Caleb Gikai Pan, The University of Montana


Glaciers in the Altai Mountains of Mongolia provide an estimated 10 % of the total water resources within the country. Yet, the number and area of glaciers within the Altai Mountains is inconsistent and conflicting. Glacier mapping attempts by previous author groups did not mention their mapping methods, data source, and/or date of analysis. Therefore, making it difficult to analyze and compare glacier base data. Due to a combination of climate change and land use management practices, the necessity of inventorying glaciers in the Altai Mountains of Mongolia is of great importance. The practice of glacier monitoring using remote sensing data provides the foundation for enlightened water resource management, vulnerability and adaptations to water shortages, climate change assessment, and glacier change detection. Implementing data acquired from Landsat Thematic Mapper, this glacier inventory developed an intuitive, robust, and inexpensive methodology to map glaciers in the Altai Mountains during 1990, 2000, and 2010. Along with the developed methodology, this study also defined a glacier definition, glaciated extents, and date of acquisition to ensure consistency for the future of glacier monitoring in the Altai Mountains. Furthermore, this study parameterized the glacier outlines using SRTM data, including equilibrium line altitude, mean slope, mean glacier terminus elevation, and aspect. Including data acquired from ASTER GDEM, this study found that surface lowering occurred on 82.3 % of all glaciers from between 2000 to 2008. The inventory includes an estimated total surface area of 540.57 km2 in 1990, 428 km2 (±17.20 %) in 2000, and 372.30 km2 (±17.17 %) in 2010. All glacier datasets will be made available to the public free of charge at for further analysis of glaciers in the Altai Mountains of Mongolia.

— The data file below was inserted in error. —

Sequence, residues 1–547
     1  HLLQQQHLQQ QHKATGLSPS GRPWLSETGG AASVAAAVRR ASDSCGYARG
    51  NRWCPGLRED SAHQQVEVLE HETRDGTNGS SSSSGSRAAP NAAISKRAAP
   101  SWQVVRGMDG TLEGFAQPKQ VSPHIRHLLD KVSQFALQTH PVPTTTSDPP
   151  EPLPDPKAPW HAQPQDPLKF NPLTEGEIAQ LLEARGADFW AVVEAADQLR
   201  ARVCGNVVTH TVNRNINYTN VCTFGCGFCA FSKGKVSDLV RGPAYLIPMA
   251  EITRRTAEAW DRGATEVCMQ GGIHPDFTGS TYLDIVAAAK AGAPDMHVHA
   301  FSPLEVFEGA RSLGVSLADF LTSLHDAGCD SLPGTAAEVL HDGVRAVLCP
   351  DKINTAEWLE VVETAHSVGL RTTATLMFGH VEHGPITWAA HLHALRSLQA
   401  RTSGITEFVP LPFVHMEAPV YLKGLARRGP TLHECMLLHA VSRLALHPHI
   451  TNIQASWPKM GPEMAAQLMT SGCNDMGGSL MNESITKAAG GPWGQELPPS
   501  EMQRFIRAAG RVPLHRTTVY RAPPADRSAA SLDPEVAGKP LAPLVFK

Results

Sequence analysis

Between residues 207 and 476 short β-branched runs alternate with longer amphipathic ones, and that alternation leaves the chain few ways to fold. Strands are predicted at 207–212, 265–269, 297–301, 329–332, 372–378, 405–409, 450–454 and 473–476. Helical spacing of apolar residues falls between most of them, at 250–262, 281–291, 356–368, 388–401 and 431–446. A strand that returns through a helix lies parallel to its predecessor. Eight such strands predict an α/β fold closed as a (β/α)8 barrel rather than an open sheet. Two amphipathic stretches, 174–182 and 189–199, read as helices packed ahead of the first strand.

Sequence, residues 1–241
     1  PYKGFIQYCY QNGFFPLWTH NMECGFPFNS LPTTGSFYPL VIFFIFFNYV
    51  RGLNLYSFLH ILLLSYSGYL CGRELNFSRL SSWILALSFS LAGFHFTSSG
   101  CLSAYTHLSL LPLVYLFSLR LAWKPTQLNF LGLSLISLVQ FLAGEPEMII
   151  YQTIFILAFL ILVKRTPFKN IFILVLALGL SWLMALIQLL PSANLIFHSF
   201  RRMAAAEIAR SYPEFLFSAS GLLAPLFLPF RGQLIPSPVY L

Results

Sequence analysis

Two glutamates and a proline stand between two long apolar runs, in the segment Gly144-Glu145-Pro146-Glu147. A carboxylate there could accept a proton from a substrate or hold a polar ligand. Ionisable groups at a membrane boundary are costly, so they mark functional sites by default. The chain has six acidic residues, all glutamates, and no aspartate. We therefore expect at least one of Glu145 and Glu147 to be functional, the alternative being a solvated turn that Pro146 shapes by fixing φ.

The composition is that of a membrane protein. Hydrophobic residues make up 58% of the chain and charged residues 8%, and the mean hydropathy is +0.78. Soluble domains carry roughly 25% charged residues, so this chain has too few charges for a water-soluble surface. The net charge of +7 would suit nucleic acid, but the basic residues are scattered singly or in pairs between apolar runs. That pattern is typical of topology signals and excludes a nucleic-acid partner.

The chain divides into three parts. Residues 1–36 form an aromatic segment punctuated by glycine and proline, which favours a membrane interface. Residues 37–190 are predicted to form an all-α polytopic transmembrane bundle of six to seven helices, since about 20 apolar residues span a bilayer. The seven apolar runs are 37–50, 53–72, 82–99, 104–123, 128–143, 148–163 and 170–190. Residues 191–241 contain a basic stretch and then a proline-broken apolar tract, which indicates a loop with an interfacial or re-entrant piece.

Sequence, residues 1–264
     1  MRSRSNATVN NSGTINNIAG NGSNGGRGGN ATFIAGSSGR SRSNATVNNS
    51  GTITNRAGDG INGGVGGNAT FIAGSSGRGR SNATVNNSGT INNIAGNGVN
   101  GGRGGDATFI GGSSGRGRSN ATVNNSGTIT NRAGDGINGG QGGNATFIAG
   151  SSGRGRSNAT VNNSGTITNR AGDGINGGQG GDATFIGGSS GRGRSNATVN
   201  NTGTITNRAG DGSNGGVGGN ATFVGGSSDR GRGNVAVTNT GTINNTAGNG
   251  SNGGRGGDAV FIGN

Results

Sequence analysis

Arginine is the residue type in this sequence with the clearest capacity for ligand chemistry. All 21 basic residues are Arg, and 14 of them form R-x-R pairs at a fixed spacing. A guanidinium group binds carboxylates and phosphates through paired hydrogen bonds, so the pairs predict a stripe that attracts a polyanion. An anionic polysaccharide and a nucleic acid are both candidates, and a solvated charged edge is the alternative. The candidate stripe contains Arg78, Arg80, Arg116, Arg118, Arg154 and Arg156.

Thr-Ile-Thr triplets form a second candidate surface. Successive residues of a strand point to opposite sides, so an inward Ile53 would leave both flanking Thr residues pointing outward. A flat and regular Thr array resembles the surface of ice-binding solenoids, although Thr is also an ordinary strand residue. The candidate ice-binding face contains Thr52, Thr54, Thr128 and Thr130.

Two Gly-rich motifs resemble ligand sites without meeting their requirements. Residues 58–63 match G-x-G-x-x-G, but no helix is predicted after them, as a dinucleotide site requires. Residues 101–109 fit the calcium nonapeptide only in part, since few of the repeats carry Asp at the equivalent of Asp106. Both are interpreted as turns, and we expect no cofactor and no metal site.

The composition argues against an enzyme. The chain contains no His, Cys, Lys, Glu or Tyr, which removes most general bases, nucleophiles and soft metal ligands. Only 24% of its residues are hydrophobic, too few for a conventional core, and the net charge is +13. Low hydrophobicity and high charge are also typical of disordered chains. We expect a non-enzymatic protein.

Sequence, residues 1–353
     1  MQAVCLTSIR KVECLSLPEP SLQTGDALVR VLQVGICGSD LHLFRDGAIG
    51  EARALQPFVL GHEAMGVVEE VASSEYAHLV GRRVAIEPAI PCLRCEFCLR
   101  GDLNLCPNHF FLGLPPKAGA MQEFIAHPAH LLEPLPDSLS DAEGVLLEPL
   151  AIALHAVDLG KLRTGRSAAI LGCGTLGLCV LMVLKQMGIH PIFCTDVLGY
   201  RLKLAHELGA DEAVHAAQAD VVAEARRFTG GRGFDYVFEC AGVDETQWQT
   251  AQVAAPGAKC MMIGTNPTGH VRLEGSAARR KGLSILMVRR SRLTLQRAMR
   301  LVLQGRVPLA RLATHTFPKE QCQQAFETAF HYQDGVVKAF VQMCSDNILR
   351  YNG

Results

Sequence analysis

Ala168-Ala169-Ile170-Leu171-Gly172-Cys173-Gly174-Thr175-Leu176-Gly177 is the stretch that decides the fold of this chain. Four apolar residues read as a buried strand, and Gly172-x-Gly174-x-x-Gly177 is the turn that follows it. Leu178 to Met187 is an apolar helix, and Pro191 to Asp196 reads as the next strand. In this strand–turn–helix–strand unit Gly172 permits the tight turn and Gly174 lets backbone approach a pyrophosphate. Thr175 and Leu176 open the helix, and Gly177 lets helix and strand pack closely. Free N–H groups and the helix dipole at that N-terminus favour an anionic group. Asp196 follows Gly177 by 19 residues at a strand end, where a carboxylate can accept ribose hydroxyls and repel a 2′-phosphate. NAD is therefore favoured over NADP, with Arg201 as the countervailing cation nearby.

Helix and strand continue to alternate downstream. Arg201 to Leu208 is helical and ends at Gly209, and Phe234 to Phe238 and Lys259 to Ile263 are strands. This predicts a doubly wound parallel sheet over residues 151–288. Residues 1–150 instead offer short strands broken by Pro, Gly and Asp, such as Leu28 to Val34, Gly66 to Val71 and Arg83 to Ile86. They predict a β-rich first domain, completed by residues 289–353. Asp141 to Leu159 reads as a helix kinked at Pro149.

© Copyright 2013 Caleb Gikai Pan